It’s a very bright, very blue, very cold Sunday afternoon in early January, the kind where the frost in the shadows refuses to thaw all day. Hemsworth Miners Welfare Football Club’s ground in Fitzwilliam, a small town near Wakefield in West Yorkshire, is hidden in a labyrinth of grey-bricked new builds, and though its car park is icy and quiet, the club bar is abuzz. “Well,” says Simon the kit supplier, a ball under each arm, “it’s not very often a nation is born, is it?”
Ellie Dalglish, the Yorkshire International Football Association’s administration manager, wears a white rose brooch and is chasing half of today’s trialists with forms to fill in, while wondering where the other half are. The YIFA have called in the top third of the 160 Yorkshire-born applicants for a trial match, and while Fitzwilliam is small and Hemsworth MWFC aren’t what you’d call giants of the game, it’s an appropriate place for the birth of Yorkshire’s first international football team. We’re in deep Yorkshire here – so deep that Geoffrey Boycott was born nearby and still lives a few miles away.
If any county was to go rogue, you’d have stuck your whippet on it being this one. Whether elbowing its way into Olympic medal tables, sequestering a day to celebrate itself or just droning, “YORRRK-SHIRE, YORRRK-SHIRE, YORRRK-SHIRE”, the home of the White Rose has always given the impression it would prefer to chisel itself off from mainland Britain and float away into the North Sea. It’s the biggest English county, and with a population of about 5.3 million it has roughly the same pool of potential players as Norway or Slovakia, and significantly more than Ireland or New Zealand. Six months ago, though, the YIFA didn’t exist.
“I was a one-man team originally,” says Phil Hegarty, head of the YIFA and its founding father. He speaks crisply as we stand on the terrace outside the bar. “I just stood up on social media one day and said, ‘D’you know what, this is what I’m going to do, who’s on board?’”
And so on 7 July 2017, the YIFA was founded. Now there are cameras from the BBC around the pitch, and Alan ‘purple dildo in the ear’ Irwin from Sky Sports is here to do some live interviews. “It’s just snowballed from there. It’s been a whirlwind. I can’t think of any way of describing it except in clichés: rollercoasters and whirlwinds. But it has.”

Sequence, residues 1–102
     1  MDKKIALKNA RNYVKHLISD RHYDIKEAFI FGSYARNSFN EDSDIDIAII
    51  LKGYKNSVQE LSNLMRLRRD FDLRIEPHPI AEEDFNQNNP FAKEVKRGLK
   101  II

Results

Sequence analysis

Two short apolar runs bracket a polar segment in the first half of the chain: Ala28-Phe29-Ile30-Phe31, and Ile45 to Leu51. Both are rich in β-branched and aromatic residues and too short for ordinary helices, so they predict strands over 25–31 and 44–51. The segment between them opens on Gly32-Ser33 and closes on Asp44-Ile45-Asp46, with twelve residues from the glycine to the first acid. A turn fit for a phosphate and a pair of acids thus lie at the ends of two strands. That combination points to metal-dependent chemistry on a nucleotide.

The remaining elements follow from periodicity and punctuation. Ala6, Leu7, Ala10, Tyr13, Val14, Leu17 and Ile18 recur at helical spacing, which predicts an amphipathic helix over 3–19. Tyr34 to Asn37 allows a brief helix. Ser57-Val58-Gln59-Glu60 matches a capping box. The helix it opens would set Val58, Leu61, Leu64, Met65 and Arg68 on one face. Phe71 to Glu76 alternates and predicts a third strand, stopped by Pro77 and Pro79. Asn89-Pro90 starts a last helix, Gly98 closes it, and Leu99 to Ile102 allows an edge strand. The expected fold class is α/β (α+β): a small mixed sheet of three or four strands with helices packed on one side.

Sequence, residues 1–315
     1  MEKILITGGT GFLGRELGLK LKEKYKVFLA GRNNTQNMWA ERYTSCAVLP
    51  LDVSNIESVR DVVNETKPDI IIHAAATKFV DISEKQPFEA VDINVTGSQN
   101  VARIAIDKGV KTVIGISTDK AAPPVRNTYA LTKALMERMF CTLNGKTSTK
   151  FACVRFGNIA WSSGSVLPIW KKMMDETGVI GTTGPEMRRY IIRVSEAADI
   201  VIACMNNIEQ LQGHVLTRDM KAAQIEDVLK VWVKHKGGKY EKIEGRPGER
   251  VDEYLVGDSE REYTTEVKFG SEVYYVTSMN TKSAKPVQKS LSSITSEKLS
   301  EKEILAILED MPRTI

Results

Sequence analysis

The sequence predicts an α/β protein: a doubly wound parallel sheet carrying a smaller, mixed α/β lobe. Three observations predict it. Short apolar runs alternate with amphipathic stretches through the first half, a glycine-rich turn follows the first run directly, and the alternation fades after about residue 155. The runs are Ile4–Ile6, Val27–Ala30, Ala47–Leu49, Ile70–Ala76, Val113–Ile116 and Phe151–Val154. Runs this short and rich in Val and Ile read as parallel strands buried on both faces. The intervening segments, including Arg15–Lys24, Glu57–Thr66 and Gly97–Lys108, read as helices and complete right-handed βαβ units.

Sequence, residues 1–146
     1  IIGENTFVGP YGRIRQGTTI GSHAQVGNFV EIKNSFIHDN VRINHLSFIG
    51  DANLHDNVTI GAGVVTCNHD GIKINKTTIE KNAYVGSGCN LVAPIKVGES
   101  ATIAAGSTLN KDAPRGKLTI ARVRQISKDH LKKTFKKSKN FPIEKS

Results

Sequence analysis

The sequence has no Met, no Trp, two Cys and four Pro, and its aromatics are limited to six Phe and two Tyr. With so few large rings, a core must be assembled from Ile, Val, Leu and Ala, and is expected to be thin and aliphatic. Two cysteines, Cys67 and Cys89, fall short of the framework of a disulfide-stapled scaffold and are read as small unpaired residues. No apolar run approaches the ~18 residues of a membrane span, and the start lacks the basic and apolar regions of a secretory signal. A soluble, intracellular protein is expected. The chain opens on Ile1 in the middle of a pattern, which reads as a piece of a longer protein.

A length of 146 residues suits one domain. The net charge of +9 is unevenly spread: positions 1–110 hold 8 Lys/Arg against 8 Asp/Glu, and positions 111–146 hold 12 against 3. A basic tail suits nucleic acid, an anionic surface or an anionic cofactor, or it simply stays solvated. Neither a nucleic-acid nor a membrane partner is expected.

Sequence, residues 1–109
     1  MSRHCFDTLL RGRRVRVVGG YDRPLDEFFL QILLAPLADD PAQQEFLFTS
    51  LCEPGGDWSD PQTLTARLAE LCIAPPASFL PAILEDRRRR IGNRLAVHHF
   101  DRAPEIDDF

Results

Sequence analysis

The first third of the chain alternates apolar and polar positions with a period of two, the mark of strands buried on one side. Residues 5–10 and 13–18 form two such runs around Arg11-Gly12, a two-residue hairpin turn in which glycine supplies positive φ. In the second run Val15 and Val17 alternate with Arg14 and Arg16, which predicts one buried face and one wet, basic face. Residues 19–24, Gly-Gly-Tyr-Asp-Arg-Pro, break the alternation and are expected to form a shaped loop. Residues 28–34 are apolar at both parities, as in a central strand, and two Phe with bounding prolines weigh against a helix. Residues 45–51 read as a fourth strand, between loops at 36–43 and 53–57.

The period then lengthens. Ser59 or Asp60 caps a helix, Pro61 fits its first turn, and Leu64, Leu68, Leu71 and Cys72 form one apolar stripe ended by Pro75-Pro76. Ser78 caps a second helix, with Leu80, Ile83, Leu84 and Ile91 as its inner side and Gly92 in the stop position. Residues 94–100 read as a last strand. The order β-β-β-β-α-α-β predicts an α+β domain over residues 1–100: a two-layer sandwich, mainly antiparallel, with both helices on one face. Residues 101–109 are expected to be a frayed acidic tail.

When we speak, it’s only been 24 hours since Yorkshire’s application to join the Confederation of Independent Football Associations (ConIFA) was accepted at the body’s AGM in northern Cyprus. “It was a unanimous decision, which I was even more chuffed about,” Phil says.
ConIFA brings together teams representing diasporas, disputed territories, historic regions and de facto states not recognised by Fifa. There’s the Luhansk People’s Republic team, representing a tiny self-declared state in the Donbass region of Ukraine, and a Rohingya team based in Kuala Lumpur. Clearly, the election process involved more than waving a white rose flag and bellowing the Yorkshire chant.
“It had to be a very tight, academic argument,” Phil says. “We had to show the strength of identity in Yorkshire.” That meant using the University of Huddersfield’s study showing that people in Yorkshire “overwhelmingly” see themselves as being from Yorkshire before being from England, drawing on the county’s linguistic divergence from the rest of England and the fact it was the only county to have a non-Anglo Saxon kingdom in the Middle Ages. Equally important was the recognition of Yorkshire’s historic three Ridings – north, east and west – rather than the north, south, east and west Yorkshires the county was split into by the Local Government Act 1972. It’s another tacit flip-off to Westminster.
“It’s a very important symbol of the region, the three Ridings,” says Phil. “That’s what we’ve presented to ConIFA and that’s what they’ve recognised as being Yorkshire.”
There’s more to this than just giving the old Yorkshire drum another thump too. After designing a flag, getting approval from the UN and making sure your political opponents are imprisoned, creating an international football team is the next item on the to-list when you set up a new country. Community polls in Doncaster and Barnsley showed broad backing for a single unifying mayor for the whole county, while the centrist, localist Yorkshire Party fielded a third more candidates and received more votes in the 2017 general election compared to 2015. Is this team a reflection of a growing appetite for independence?